On the other hand, there is a widely accepted belief that professionalisation benefits everyone. We assume playwrights, actors, press officers, directors, designers and all the rest will be paid. We also assume plumbers, heating engineers, caterers and electrical suppliers who maintain the theatre building will be properly remunerated. We assume this because it is fair to pay people for their labour and because it guarantees a professional attitude to the job.
Is there a case to think of theatre criticism in a different way? I’m biased, but I don’t think there is. If the activity has value, shouldn’t we be doing what we can to ensure that value is maintained? We needn’t distract ourselves with arguments about noisiness or ethics – that ground is too shaky; instead, we can make the case that valuable labour deserves to be paid for. I’ve talked about some of the ways that may happen in previous blogs such as Should theatres employ theatre critics?, but for now let’s leave with a couple of thoughts from Australian critic Jane Howard:
“ACCENTUATE the positive,” sang Johnny Mercer. He further recommended that we “eliminate the negative”. And for good measure, he proposed we should “latch on to the affirmative”. This probably wasn’t what he had in mind, but as philosophies go, it’s the best we have when it comes to the future of theatre criticism.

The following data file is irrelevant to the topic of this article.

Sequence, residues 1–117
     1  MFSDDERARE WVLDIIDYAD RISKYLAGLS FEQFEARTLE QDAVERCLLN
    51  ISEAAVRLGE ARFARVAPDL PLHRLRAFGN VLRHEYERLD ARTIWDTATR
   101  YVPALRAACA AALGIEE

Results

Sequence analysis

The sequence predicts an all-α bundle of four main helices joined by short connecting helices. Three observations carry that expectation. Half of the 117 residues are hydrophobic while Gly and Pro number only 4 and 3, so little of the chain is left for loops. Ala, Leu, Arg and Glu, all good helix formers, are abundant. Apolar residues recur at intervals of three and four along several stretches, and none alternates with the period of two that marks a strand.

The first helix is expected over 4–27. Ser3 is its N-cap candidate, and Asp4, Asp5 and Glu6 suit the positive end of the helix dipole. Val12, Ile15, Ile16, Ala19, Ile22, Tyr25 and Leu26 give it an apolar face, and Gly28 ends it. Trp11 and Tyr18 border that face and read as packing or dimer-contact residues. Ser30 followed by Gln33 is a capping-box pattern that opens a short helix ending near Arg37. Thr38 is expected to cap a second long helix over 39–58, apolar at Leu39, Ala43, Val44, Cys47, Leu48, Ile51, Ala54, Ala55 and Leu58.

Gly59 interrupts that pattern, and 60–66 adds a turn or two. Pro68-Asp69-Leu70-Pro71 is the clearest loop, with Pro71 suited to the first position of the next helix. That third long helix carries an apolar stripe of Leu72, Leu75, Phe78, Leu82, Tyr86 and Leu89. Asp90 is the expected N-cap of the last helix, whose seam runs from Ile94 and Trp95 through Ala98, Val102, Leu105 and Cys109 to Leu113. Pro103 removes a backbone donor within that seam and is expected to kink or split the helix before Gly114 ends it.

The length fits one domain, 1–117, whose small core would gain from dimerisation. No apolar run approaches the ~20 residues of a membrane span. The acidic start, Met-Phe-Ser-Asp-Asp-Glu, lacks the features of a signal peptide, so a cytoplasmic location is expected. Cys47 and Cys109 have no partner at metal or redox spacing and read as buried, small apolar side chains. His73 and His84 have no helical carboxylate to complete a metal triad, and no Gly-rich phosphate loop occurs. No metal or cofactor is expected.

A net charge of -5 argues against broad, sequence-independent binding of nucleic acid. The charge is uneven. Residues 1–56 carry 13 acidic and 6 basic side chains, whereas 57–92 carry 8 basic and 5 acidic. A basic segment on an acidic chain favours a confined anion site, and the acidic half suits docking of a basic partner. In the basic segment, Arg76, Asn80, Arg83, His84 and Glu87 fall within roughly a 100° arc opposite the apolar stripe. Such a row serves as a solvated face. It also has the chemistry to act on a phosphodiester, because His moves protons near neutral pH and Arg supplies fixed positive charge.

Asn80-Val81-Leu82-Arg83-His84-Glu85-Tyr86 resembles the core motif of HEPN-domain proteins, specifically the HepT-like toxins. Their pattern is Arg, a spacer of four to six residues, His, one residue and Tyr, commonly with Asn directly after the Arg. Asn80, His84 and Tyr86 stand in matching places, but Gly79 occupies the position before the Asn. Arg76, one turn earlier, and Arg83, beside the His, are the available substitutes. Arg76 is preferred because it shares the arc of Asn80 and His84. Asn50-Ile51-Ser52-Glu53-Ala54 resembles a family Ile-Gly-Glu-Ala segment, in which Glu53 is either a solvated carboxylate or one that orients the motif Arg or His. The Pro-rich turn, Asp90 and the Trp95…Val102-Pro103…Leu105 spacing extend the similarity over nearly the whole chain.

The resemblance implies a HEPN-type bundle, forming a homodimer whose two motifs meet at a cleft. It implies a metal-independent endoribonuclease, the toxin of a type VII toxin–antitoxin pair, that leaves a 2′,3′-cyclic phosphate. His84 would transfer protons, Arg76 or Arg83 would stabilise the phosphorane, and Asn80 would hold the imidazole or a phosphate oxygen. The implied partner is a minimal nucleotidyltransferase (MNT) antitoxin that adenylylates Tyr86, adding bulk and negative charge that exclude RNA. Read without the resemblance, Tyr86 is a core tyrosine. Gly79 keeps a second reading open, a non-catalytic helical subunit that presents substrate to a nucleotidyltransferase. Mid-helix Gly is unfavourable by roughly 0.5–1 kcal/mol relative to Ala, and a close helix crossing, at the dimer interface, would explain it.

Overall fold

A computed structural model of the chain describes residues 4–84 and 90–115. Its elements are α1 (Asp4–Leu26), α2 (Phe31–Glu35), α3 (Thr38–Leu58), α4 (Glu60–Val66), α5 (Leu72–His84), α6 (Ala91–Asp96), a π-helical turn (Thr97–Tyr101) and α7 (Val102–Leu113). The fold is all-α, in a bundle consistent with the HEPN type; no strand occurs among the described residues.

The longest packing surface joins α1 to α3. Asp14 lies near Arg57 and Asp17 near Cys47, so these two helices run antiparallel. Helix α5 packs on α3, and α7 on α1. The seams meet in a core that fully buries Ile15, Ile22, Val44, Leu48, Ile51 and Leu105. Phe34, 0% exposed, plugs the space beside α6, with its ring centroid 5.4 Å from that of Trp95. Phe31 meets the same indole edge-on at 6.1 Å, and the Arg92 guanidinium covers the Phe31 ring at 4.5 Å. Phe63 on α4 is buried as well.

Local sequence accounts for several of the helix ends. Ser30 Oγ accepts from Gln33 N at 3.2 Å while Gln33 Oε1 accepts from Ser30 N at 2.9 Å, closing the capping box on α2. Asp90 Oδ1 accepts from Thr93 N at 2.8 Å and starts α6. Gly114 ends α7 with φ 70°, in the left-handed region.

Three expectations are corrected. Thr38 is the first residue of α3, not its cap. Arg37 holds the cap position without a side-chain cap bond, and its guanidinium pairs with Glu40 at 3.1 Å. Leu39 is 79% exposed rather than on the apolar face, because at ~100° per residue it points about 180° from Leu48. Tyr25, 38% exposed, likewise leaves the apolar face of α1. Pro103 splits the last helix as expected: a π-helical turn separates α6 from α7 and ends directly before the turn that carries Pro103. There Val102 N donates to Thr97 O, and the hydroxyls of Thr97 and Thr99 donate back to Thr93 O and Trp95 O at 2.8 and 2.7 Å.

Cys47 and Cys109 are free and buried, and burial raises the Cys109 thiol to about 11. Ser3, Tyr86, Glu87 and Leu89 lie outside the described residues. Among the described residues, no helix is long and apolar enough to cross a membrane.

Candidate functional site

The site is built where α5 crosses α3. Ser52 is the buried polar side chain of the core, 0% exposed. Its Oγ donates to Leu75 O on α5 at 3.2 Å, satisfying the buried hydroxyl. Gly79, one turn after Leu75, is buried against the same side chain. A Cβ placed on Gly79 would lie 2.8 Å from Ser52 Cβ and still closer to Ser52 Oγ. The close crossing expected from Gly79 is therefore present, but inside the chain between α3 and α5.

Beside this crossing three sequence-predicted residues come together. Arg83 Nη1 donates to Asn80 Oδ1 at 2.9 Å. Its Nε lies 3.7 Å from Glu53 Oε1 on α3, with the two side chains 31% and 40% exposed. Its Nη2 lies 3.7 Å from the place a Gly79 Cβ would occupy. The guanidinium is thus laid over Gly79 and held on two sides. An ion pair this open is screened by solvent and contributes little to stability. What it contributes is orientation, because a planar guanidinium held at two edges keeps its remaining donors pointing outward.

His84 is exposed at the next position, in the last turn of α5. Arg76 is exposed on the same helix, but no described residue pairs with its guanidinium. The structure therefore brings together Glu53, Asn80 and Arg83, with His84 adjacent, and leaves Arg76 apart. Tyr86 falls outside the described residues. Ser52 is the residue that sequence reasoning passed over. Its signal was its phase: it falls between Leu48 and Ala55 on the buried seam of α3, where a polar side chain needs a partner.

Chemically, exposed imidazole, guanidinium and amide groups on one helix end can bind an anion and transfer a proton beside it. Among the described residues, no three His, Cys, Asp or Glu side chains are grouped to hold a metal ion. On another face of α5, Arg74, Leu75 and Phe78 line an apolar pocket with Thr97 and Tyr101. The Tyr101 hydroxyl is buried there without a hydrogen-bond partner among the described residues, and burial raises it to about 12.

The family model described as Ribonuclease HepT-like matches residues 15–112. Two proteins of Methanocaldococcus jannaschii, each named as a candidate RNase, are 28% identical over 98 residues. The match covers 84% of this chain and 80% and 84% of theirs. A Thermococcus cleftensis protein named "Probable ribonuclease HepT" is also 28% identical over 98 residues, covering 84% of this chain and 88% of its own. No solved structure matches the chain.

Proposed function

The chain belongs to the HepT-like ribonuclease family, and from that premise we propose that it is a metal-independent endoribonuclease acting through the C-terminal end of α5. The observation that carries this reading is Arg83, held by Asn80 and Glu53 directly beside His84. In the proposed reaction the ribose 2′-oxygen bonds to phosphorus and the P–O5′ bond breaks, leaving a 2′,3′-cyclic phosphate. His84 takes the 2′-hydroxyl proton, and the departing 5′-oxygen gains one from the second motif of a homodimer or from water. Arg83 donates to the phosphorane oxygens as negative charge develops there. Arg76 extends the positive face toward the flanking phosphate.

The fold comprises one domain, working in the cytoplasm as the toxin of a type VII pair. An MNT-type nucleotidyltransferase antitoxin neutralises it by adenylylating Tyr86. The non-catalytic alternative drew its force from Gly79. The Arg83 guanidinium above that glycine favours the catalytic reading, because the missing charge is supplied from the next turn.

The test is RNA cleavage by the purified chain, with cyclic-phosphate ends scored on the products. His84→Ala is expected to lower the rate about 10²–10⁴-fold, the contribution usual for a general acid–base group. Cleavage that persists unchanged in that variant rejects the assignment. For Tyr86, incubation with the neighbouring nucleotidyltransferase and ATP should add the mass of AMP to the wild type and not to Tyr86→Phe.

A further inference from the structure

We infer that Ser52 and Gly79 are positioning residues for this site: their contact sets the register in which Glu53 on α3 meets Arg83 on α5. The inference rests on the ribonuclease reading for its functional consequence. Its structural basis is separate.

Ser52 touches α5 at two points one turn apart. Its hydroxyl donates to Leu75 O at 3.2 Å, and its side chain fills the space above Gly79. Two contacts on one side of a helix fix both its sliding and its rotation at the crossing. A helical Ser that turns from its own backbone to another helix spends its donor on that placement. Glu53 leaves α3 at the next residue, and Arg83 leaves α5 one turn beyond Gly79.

For many, this isn’t easy. Old-guard critics are forever bemoaning the state of the newspaper industry. They have good reason: the landscape has changed out of recognition since most entered the profession. For journalists, these are precarious times. But that doesn’t mean there’s no future for criticism.
What it means is that it will look different (is already looking different) from what we knew in the past. And it’s those who are latching on to the affirmative and making positive steps to envisage the future to whom we should pay attention.
The Mayflower, Southampton was quick off the mark in supporting the scheme with an offer of press tickets for the participants. Now Woodward has a long list of enquiries on his to-do list from companies across the southwest who want to know more.
What’s going on in Winchester is a positive reaction to a changing world. If coverage is declining, if standards are dropping, if it’s getting harder for theatre to be taken seriously, then what’s to be done about it?
The answers are manifold and there are examples of affirmative action popping up all over the place. There’s Hall for Cornwall shouldering the cost of paying critics; there’s Mike Smith whose Wales Critics Fund aims to “help existing and new reviewers, enable more reviewing and broaden the base of critical writing”; there’s Karen Fricker’s criticism class at Brock University which this summer has extended into out-of-hours coverage of Ontario theatre on the Dart Critics site; and there’s the Young Critics programme run by the National Association for Youth Drama in Ireland which encourages youth theatre members to develop an “awareness and appreciation of the aesthetic of theatre”.